Duck Eggs vs Chicken Eggs Nutrition Benefits Chart Taste

Duck Eggs vs Chicken Eggs Nutrition Benefits Chart Taste

Duck Eggs vs. Chicken Eggs: Nutrition, Benefits, and More

Eggs are superfoods packed with nutrients and easy to prepare. They can be used in various recipes from sweets to savories.

Chicken eggs are popular, but eggs from other birds, like ducks, geese, turkey, and quail, are also gaining popularity. Duck and chicken eggs have similarities in taste, nutrients, and risks, but there are some differences too.


  • Duck eggs are 1.5 to 2 times larger.
  • An average chicken egg weighs 50 to 60 grams, while a duck egg can weigh between 70 and 80 grams.
  • Duck eggs have speckled shells, while chicken eggs are uniformly colored. The shell color varies by species.
  • Duck eggs have thicker and tougher shells with a waxy coating that enables them to float in water.
  • Duck egg yolks are larger and darker orange, while chicken egg yolks are light yellow to orange.
  • Duck eggs may have a longer shelf life due to their thicker shells, but it depends on storage conditions.


Duck eggs have a stronger, creamier, and richer taste, but not everyone may adapt to or like the flavor.

Both duck and chicken eggs can be used in dishes like cookies and cakes.


Here is a comparison of the nutrients present in 100 grams of raw duck and chicken eggs:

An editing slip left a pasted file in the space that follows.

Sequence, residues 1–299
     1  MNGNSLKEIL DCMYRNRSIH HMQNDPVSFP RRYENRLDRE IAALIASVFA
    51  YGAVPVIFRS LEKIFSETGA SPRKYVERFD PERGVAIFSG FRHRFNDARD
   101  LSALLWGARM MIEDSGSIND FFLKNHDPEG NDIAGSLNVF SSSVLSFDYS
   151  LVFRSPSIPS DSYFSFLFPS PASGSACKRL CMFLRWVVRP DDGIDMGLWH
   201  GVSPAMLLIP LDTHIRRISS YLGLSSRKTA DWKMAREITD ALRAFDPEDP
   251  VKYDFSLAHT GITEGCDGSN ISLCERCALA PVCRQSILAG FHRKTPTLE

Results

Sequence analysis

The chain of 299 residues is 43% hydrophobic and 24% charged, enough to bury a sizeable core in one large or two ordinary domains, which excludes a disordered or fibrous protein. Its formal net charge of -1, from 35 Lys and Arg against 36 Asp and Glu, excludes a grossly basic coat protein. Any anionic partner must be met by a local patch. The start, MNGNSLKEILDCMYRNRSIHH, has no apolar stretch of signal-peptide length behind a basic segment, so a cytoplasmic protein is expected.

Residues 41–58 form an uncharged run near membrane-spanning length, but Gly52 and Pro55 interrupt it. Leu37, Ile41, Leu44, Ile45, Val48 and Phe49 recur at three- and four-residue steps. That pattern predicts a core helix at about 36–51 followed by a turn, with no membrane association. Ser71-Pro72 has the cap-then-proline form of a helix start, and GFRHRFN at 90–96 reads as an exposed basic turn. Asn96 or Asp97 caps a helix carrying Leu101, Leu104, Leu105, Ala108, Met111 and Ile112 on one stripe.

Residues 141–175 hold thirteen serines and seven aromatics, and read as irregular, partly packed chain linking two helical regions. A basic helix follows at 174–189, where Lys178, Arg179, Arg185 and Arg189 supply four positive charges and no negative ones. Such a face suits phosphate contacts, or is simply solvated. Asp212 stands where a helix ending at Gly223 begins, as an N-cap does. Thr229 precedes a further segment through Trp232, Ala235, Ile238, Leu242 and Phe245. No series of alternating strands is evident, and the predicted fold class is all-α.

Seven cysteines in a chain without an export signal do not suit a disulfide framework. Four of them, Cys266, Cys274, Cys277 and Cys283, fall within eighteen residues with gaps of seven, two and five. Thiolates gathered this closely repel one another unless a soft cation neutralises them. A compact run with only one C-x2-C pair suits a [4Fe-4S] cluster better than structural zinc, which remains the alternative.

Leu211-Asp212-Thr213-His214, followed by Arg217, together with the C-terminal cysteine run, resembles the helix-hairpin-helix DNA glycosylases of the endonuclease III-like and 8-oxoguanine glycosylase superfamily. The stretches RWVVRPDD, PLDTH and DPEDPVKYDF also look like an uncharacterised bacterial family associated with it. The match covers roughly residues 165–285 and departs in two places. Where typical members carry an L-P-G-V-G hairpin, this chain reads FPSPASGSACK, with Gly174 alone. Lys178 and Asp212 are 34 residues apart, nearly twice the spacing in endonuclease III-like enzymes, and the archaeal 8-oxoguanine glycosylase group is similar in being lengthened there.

Table. Duck egg vs chicken egg nutritional content (raw; 100 grams)

Name Duck eggs Chicken eggs Minerals: Vitamins:
Energy 185 kcal 143 kcal
Water 70.8 g 76.2 g
Protein 12.8 g 12.6 g
Total fats 13.8 g 9.51 g
Cholesterol 884 mg 372 mg
Total carbs 1.45 g 0.72 g
Fiber 0 g 0 g
Calcium 64 mg 56 mg
Magnesium 17 mg 12 mg
Phosphorous 220 mg 198 mg
Potassium 222 mg 138 mg
Sodium 146 mg 142 mg
Iron 3.85 mg 1.75 mg
Selenium 36.4 µg 30.7 µg
Zinc 1.41 mg 1.29 mg
Thiamin 0.16 mg 0.04 mg
Riboflavin 0.40 mg 0.46 mg
Niacin 0.2 mg 0.07 mg
Pantothenic acid 1.86 mg 1.53 mg
Vitamin B6 0.25 mg 0.17 mg
Folate 80 µg 47 µg
Vitamin B12 5.4 µg 0.89 µg
Choline 263 mg 294 mg
Vitamin A 674 IU 540 IU
Lutein + zeaxanthin 459 µg 503 µg
Vitamin E 1.34 mg 1.05 mg
Vitamin D 69 IU 82 IU
Vitamin K (phylloquinone) 0.4 µg 0.3 µg
Vitamin C 0 0
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For the same weight, duck eggs have more than double the amount of cholesterol as chicken eggs.

  • Average duck eggs weighing about 70 grams provide 619 mg of cholesterol, which is more than twice the daily upper limit (300 mg) and almost three times the cholesterol (186 mg) in an average chicken egg weighing 50 grams.
  • Studies suggest that eggs also provide healthy fats that help regulate blood cholesterol levels. Saturated fats in the diet play a larger role in cardiovascular disease causation than dietary cholesterol.

Consume eggs in moderation, avoiding ingredients like oils, butter, fatty meats, and processed meat. Include vegetables in your egg dishes for added health benefits and satiety.


Both duck and chicken eggs are excellent protein sources, with similar protein content per unit weight. Duck eggs, being larger, provide more protein per egg (around nine grams) compared to chicken eggs (approximately six grams). Both eggs contain essential amino acids required for optimal body functioning.